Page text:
Martin McGuinness met flag protesters
Published 10/06/2013 | 08:44
MARTIN McGuinness has revealed he secretly met some loyalist protest leaders at the height of the recent flags crisis.
The Deputy First Minister said politicians had a responsibility to relieve police of the burden of dealing with difficult scenarios.
His comments came as Matt Baggott made history by becoming the first PSNI chief to address a Sinn Fein-organised event.
The Chief Constable was among almost 300 delegates who attended the Belfast: A City of Equals on an Island of Equals conference at the Europa Hotel.
Senior Sinn Fein figures sat with delegates including former PUP leader Dawn Purvis and Pastor Gary Mason from the East Belfast Mission at yesterday's event.
Mr McGuinness had to run a gauntlet of abuse from loyalist protesters outside the Europa, the target of IRA bombers many times during the Troubles, but vowed to continue reaching out.
He said he would have liked to shake the protesters' hands and invited them inside.
During his address, Mr McGuinness revealed he had met some loyalist leaders in an attempt to find a solution to the flags protests earlier this year.
"During the flag protest I actually met with some of the leaders of the protests. One of them said to me, politically I feel British but culturally I feel Irish," he said.
"Even the comment I am politically British but culturally Irish was common ground that I would stand on with someone that was seen to be in the leadership of the flag protests.
"I think solutions to all of these big challenges can be found."
Mr McGuinness also defended his decision to shake hands with the Queen during her visit to Belfast last year, and extended his best wishes to Prince Philip who is in hospital.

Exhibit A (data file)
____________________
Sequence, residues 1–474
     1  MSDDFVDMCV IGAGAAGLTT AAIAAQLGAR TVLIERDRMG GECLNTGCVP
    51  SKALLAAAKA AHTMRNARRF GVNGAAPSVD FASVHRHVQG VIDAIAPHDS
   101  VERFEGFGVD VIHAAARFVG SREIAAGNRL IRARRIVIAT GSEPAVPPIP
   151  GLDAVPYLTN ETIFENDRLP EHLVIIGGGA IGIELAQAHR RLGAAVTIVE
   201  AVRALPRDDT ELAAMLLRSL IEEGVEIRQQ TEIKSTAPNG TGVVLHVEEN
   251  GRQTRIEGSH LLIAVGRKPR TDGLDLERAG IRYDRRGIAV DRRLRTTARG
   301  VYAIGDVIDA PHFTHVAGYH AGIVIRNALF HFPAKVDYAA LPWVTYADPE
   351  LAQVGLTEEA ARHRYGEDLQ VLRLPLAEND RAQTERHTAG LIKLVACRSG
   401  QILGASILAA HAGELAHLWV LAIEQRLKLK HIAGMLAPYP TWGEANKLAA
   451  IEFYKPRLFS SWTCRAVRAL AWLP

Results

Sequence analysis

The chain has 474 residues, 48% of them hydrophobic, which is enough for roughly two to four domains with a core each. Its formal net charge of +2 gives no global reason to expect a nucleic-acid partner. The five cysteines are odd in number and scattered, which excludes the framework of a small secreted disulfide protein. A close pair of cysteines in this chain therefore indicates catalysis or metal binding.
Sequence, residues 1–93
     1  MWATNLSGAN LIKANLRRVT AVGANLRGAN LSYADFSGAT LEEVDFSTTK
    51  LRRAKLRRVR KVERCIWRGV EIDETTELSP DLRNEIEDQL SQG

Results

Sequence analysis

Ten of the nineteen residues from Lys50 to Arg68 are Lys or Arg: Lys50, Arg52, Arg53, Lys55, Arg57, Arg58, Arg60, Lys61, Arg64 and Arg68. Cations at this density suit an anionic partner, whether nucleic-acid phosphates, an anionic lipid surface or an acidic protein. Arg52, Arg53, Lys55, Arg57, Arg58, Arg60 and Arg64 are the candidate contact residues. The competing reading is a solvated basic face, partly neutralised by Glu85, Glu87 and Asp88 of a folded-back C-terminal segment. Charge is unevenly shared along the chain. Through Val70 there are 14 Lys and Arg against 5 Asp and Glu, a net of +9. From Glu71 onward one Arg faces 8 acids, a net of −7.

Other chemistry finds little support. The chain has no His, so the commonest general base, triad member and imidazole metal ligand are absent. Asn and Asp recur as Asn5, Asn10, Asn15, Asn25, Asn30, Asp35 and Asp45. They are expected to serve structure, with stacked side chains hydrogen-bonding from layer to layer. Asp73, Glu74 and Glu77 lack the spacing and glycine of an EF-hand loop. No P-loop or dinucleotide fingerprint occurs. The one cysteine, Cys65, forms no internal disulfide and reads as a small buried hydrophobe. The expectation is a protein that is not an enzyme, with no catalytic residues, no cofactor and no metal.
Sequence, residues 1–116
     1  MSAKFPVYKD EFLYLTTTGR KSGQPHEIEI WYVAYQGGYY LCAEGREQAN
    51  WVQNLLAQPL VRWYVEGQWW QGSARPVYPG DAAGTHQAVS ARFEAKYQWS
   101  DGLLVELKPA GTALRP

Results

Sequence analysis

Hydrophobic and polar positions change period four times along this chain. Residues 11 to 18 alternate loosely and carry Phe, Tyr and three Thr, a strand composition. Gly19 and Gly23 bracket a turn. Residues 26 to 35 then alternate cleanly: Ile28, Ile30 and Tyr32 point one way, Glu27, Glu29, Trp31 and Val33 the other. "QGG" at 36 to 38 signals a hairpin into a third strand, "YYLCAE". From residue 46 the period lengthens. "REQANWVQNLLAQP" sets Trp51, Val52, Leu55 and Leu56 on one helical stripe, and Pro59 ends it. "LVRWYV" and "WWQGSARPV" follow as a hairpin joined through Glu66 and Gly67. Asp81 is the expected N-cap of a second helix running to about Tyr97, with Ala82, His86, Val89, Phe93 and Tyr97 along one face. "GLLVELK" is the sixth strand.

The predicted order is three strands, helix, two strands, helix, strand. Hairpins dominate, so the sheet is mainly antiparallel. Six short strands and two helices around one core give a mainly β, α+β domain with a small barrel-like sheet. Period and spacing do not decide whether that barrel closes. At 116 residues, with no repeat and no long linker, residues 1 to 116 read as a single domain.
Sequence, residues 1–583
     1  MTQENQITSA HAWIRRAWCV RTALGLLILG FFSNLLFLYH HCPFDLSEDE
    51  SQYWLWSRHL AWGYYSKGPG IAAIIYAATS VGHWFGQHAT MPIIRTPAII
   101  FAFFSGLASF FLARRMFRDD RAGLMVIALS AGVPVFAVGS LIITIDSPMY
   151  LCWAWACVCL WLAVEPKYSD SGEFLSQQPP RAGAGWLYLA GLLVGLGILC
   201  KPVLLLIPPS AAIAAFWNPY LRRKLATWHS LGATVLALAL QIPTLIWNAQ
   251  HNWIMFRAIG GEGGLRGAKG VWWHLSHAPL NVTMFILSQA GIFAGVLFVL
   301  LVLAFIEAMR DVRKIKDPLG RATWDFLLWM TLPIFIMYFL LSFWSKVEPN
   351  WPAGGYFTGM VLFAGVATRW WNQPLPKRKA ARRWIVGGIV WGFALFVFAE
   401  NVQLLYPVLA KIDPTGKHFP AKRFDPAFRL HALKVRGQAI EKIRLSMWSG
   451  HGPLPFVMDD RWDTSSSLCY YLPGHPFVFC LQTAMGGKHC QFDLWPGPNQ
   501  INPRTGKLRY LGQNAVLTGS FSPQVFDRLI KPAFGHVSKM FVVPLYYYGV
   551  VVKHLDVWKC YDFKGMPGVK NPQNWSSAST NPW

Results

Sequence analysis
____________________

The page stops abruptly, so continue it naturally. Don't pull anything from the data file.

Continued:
Later, during a historic five-minute address, Mr Baggott hit back at critics who claimed that he had not been impartial during the flag protests and defended the restraint shown by his officers at the time.
Calling for dialogue around policing, he said there should be further discussion on what constitutes public interest.
"I do think we are dragged relentlessly into areas which have become increasingly toxic and are holding us back from protecting people in the here and now, and that is for me the past and parades," Mr Baggott said. He added: "At the moment we are spending a lot of time, huge resources, because we are required by law to relentlessly go back into the '70s and the '80s and the '90s whether that is through inquests or inquiries."
Mr Baggott said the way the PSNI dealt with public order was restrained compared to other countries. He criticised comments from politicians who questioned his impartiality.
"I'm not sure, in the last six months, all political parties saying the chief constable is not impartial is helpful in terms of rebuilding trust in communities, so we need to be careful about that," he added.